Home ELAINE M. CALLAHAN vs. BOSTON MUNICIPAL COURT DEPARTMENT.

413 Mass. 1009

DECEMBER 15, 1992.

Protective Order. Supreme Judicial Court, Superintendence of inferior courts. Practice, Civil, Appeal.

The plaintiff, pro se.

Eric A. Smith, Assistant Attorney General, for the defendant.

Elaine M. Callahan (plaintiff) appeals from a denial by a single justice of her complaint seeking review of the issuance of a restraining order against the plaintiff under G. L. c. 209A (1990 ed.), [Note 1] in the Boston Municipal Court (BMC). [Note 2] See G. L. c. 211, Section 3 (1990 ed.).

The plaintiff alleges that the complainants in the G. L. c. 209A proceeding, Michael and Frances Patricia Callahan, secured a restraining order against the plaintiff in retaliation for a civil judgment she previously had obtained against them. The plaintiff further alleges that court personnel denied her access to the tape recordings of the G. L. c. 209A proceedings. See Boston Municipal Court Special Civil Rule 308.

The defendant argues that the plaintiff incorrectly filed her complaint under G. L. c. 211, Section 3. Hence, the defendant concludes the single justice correctly denied the complaint. We do not agree. General Laws c. 211, Section 3 (1990 ed.), allows relief "if no other remedy is expressly provided." General Laws c. 209A has no express appellate remedy from a Municipal or District Court. The plaintiff therefore could invoke G. L. c. 211, Section 3, because "appellate review was otherwise unavailable." Hahn v. Planning Bd. of Stoughton, 403 Mass. 332 , 335 (1988).

The defendant next contends that it was not a proper party for this complaint. Rather, the defendant asserts, the persons who obtained the restraining order are the appropriate defendants. See Fadden v. Commonwealth, 376 Mass. 604 , 609 (1978); Soja v. T.P. Sampson Co., 373 Mass. 630 , 632 n.2 (1977). The complaint, however, asserts that the plaintiff requested tape recordings of the various BMC proceedings. These requests were denied by court personnel. The plaintiff alleges that without the tapes

Page 1010

she does not have a meaningful opportunity for appellate review. We agree. We order the plaintiff be given access to the tape recordings. [Note 3]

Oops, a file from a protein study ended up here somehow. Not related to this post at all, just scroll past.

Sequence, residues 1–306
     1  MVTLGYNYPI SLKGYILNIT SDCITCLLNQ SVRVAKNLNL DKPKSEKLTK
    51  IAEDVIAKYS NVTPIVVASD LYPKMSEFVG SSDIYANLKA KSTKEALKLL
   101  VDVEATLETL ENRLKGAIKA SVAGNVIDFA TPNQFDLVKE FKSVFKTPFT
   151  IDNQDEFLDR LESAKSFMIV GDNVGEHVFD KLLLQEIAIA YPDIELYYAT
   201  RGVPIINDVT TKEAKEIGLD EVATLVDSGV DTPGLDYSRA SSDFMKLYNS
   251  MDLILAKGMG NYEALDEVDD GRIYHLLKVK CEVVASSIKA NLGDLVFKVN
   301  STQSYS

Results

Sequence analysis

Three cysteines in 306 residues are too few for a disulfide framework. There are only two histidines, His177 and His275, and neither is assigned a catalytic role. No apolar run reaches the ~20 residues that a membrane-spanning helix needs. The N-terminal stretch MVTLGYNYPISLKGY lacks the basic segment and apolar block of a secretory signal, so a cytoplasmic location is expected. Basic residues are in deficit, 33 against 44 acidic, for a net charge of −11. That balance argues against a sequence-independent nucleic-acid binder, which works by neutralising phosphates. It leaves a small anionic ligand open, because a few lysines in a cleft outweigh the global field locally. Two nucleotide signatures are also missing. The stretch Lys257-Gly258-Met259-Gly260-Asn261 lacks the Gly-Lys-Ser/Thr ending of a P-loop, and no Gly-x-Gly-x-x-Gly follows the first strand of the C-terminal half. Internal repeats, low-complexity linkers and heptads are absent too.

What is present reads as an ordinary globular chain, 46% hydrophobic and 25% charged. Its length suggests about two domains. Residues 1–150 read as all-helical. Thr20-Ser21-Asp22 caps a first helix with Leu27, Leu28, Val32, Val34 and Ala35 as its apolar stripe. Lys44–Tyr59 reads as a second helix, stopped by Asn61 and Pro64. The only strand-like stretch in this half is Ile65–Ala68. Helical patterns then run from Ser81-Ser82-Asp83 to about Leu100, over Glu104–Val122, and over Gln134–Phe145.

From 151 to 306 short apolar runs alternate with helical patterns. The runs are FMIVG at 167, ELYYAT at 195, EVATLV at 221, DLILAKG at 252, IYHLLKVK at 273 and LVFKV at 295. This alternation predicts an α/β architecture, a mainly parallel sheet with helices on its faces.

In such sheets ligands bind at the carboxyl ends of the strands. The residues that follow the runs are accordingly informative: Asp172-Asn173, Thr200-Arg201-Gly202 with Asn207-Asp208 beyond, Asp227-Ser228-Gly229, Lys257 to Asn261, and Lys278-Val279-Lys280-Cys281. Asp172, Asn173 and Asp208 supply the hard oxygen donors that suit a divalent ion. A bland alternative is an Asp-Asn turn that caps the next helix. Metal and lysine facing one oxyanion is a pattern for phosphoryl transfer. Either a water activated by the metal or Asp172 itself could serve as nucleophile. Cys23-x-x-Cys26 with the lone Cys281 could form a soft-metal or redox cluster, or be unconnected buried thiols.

The case is remanded to the Supreme Judicial Court for Suffolk County where an order shall enter that the BMC clerk release the tapes to the plaintiff. The plaintiff, within thirty days of the receipt of the tapes, [Note 4] may file an amended complaint based on the tapes. At that time, the parties "whose interests are truly at stake" should be added and the court made a nominal party. [Note 5]

So ordered.


FOOTNOTES

[Note 1] Although G. L. c. 209A was amended by St. 1990, c. 403, effective January 25, 1991, those amendments are not germane to this appeal.

[Note 2] The plaintiff also requested the tape recordings of the BMC proceeding from the single justice. It appears that this request was not brought to the attention of the single justice, as there was no ruling on the motion.

[Note 3] The plaintiff is to pay for the tapes.

[Note 4] In the event that these recordings are lost or cannot be located and the proceedings cannot be reconstructed sufficiently, the restraining order issued against the plaintiff under G. L. c. 209A should be vacated. See Metropolitan Dist. Comm'n v. Codex Corp., 395 Mass. 522 , 524 (1985). See also Commonwealth v. Harris, 376 Mass. 74 (1978) (although unavailability of trial transcript alone does not mandate new trial, motion for new trial should be allowed when transcript of trial unavailable and proceedings cannot be sufficiently reconstructed).

[Note 5] We do not know if the order has lapsed during this appeal. General Laws c. 209A, Section 4 (1990 ed.), as amended by St. 1990, c. 403, Section 4, effective January 25, 1991, requires the issuing court to "give the defendant an opportunity to be heard on the question of continuing the temporary order and of granting other relief as requested by the plaintiff no later than ten court business days after such orders are entered." If the order has expired, this appeal might be moot. If the order continues in existence, the plaintiff should amend her complaint with due regard to Mass. R. Civ. P. 8 (e) (1), 365 Mass. 749 (1974).